After completing the series, I had to re-address the reviews that I had initially seen once again. Coming from someone who was familiar with Jeffrey Dahmer biographies prior to watching this show, I will say that the reviews of how sick and twisted the show was, and how people shouldn’t watch it are factually inaccurate. If you’ve seen the show, there is evidence of horrible things that have happened to people (heads in the refrigerator, etc.) that lead you to kind of make-up in your mind what he actually did to his victims. The scenes depicting him internally fighting himself not to kill certain victims are filled with tension and an extremely uneasy vibe. However, the series shows an extremely small fraction of what Jeffrey Dahmer actually did to his victims. If the show could legally show what he did to his victims in detail, the directors would probably having crowds of people in their front yard rioting. The show’s actual content is nothing crazier than what you’d see in a movie like Hellraiser, Predator, Friday the 13th, or any other famous horror movie. The disgusting and demented aspect of the show is that of what they did show, those things really happened to real people. However, with a variety of other similar shows (and other Jeffrey Dahmer documentaries) on Netflix, how was this one so controversial?

 

Negative Press and Negative Mindsets

A few days later, I was sitting there talking to someone about the show (who also watched it recently), when it hit me. I was totally a victim of a negative marketing campaign. If you really break it down, I had absolutely no interest in seeing it, until I saw release after release of negativity and controversy surrounding the show, and I just couldn’t help myself from opening that door. Just like me, my friend who watched the show did it for the same reasons as I did: the negative hype. We live in an age where something ‘normal’ isn’t good enough to be virally sellable. To be virally sellable, it has to be outrageous. For example, look at the major issues that people talk about that the media (news companies) promote. They are rarely pushing positive stories, as those stories are going to kill ratings. To boost ratings, you need insane stories. You need articles with headlines like “This politician wants to poison your drinking water”, “Jeffrey Epstein Commits Suicide After Sexually Abusing Minors” or “Active Shooter In (insert place)”. If you look up popular articles and headlines, these types of articles bring in the most attraction. In today’s world, no one cares if someone does something great, everyone wants to see the twisted. The shocking and most insanely disturbing things are what people really want to see, and the news proves that.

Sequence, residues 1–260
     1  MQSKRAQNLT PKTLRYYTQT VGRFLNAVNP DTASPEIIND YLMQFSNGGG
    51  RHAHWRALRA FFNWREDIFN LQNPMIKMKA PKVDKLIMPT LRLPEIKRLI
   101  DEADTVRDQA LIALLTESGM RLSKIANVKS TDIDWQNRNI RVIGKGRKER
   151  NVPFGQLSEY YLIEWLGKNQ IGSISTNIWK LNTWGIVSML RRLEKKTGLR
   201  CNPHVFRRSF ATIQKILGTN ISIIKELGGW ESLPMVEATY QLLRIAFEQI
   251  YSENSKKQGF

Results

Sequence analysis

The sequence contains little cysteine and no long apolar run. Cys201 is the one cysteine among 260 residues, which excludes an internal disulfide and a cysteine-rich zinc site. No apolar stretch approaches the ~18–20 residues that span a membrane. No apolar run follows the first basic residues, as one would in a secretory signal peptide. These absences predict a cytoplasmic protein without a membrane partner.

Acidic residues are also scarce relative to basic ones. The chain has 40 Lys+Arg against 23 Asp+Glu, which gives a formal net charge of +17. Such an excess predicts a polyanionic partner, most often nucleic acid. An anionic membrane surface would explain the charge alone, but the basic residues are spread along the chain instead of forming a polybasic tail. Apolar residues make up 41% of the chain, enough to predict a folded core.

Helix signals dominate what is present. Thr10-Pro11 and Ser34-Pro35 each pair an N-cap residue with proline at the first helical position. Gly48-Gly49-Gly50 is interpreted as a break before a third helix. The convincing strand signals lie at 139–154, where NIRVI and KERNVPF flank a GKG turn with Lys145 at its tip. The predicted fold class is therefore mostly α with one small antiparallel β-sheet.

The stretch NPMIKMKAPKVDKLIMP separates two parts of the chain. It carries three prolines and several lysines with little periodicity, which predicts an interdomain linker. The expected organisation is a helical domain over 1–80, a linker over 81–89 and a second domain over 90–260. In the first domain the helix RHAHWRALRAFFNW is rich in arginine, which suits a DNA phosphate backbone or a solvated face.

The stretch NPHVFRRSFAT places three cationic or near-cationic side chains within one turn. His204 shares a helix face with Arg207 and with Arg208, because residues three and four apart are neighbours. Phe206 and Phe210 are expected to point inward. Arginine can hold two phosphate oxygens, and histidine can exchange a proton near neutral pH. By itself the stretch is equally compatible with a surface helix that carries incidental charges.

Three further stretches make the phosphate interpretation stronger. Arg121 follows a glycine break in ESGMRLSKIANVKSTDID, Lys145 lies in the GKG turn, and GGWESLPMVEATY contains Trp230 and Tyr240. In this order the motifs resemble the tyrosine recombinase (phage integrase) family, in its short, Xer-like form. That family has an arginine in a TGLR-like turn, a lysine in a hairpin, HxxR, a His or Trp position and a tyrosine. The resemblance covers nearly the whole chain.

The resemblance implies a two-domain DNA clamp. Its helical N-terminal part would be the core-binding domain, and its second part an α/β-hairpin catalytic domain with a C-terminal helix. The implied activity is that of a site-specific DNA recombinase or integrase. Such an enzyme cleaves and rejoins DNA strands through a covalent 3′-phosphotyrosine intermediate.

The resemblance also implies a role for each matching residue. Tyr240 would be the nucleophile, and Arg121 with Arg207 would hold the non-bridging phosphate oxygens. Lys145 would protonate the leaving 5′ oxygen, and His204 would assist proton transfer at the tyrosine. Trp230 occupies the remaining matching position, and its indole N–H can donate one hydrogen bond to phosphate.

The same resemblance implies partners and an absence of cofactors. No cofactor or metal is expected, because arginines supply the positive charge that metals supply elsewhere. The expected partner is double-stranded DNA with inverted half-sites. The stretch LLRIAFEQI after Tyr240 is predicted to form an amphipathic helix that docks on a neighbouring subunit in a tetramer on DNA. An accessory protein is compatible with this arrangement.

How NetFlix Used Negative Press to Drive Dahmer

Believe me when I tell you, NetFlix are no dummies. They are media masterminds. Anyone working in marketing and advertising media knows that people love the crazy things. If this wasn’t the case, 56 million households wouldn’t have watched all 10 episodes of Dahmer on Netflix over the last few months. If you look up the current top 15 most-watched shows on Netflix (of all time), you’ll see almost every show is about killing people, robbery and other-worldly things like Satan. NetFlix’s marketing team obviously did some research, and discovered that creating purposeful negativity and controversy around a show for being so heinous and disturbing that people shouldn’t watch it, that in fact, exponentially more people than usual will watch it. As companies like NetFlix are beginning to understand people more and more, they will adapt to what people want to see. From the success of Dahmer, it appears as if the ‘reviews’ portraying the show as an ‘abomination’ and ‘absolutely disgusting’ by major news companies, are exactly the things that put people over-the-edge to commit to sitting down and watching a show. As time goes on, be weary of negative press tactics to actually drive more consumer activity to a product or service than if there were positive reviews.

 

Disclaimer:

We do not condone violence or assault of any kind. We are not glorifying a serial killer or overlooking the victims of Jeffrey Dahmer by writing this analysis. Our hearts go out to the friends and families of all of those affected by the actions of Jeffrey Dahmer.

 

Additional Resources:

Why Netflix’s Jeffrey Dahmer series is receiving so much backlash
Jeffrey Dahmer’s dad considers suing Netflix for glamorizing son’s murders
Dahmer’ Earns Big Debut in U.S. Streaming Rankings